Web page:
Thursday, July 20, 2017


Image (c)s.deshapriya: A fisherman looking at sea anxiously in the eastern city of Batticoloa.  It difficult to ignore the question of justice in the area of control and distribution of resources in the new face of capitalism  argues Sunil Bastian.

Sri Lanka Brief18/07/2017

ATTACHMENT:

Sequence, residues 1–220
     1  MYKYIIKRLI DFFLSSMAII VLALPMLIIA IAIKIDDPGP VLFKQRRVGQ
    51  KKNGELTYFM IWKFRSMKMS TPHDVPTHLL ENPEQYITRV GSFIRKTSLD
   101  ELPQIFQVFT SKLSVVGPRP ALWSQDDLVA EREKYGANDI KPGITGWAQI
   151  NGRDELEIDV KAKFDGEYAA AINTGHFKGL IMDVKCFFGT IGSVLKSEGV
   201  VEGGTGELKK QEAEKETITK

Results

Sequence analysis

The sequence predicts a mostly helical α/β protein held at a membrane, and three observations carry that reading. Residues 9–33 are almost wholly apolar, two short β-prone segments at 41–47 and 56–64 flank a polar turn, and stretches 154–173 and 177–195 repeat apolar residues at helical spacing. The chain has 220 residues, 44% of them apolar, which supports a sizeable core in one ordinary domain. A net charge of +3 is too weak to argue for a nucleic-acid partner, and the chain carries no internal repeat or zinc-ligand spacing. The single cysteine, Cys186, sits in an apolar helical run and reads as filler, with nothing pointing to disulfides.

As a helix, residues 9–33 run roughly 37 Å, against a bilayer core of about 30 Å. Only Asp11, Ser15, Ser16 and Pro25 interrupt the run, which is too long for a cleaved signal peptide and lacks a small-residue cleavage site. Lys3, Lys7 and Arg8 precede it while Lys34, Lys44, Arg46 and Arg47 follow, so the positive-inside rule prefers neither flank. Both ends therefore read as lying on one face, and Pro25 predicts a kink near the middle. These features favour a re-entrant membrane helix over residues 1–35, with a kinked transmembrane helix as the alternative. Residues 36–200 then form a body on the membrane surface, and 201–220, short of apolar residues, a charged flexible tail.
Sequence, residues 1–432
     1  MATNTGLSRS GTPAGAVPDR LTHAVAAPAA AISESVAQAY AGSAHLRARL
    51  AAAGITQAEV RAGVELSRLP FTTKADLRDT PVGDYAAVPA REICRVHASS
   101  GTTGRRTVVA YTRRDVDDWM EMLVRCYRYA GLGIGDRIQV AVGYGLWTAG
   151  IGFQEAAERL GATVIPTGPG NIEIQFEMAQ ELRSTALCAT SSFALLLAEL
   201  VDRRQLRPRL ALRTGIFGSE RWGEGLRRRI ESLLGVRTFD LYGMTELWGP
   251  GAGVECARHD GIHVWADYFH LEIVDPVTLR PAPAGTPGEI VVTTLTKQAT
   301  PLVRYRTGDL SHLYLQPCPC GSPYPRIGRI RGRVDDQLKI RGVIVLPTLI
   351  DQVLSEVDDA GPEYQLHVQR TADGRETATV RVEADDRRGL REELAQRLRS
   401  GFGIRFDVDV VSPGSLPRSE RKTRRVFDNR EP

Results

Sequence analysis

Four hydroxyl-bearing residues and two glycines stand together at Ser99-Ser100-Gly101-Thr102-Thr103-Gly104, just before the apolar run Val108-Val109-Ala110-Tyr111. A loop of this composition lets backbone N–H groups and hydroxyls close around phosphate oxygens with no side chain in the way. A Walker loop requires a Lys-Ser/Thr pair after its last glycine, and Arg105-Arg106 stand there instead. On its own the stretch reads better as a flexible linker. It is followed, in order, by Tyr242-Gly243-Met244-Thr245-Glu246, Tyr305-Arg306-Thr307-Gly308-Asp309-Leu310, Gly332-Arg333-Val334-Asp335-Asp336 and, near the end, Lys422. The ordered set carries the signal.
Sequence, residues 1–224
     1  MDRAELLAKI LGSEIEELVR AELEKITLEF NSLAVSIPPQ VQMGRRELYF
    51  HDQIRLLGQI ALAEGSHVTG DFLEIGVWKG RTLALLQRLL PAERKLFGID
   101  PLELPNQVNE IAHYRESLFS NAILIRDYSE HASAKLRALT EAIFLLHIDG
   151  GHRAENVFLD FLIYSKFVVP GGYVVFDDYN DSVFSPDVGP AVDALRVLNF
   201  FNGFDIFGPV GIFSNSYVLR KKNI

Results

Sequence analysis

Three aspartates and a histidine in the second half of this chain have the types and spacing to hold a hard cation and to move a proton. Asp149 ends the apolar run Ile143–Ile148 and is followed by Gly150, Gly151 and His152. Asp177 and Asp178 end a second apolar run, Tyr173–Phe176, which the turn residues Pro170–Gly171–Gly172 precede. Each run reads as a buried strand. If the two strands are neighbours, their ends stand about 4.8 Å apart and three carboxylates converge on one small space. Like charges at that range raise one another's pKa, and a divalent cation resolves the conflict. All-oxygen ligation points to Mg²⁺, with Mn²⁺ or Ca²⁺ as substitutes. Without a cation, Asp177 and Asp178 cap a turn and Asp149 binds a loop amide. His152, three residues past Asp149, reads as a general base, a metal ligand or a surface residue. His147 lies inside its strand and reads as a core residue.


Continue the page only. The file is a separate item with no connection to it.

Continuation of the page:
Observing what is going on in Sri Lanka these days from a distance, my mind went back to the beginning of my involvement with non-party political actors. What I mean by the latter are groups now known as civil society. This is a recent term, which has come into prominence with the neoliberal political project. It was not a term used at the time I am referring to – immediately after the UNP came into power with a massive five-sixths majority in the July 1977 general election. TULF contested that election on a separatist platform. The election was followed with anti-Tamil violence in August 1977, the most significant such event after 1958. In the aftermath of the August 1977 violence, I volunteered to work at the Centre for Society and Religion, led by the late Fr. Tissa Balasuriya. Thus, began my involvement with this political activism.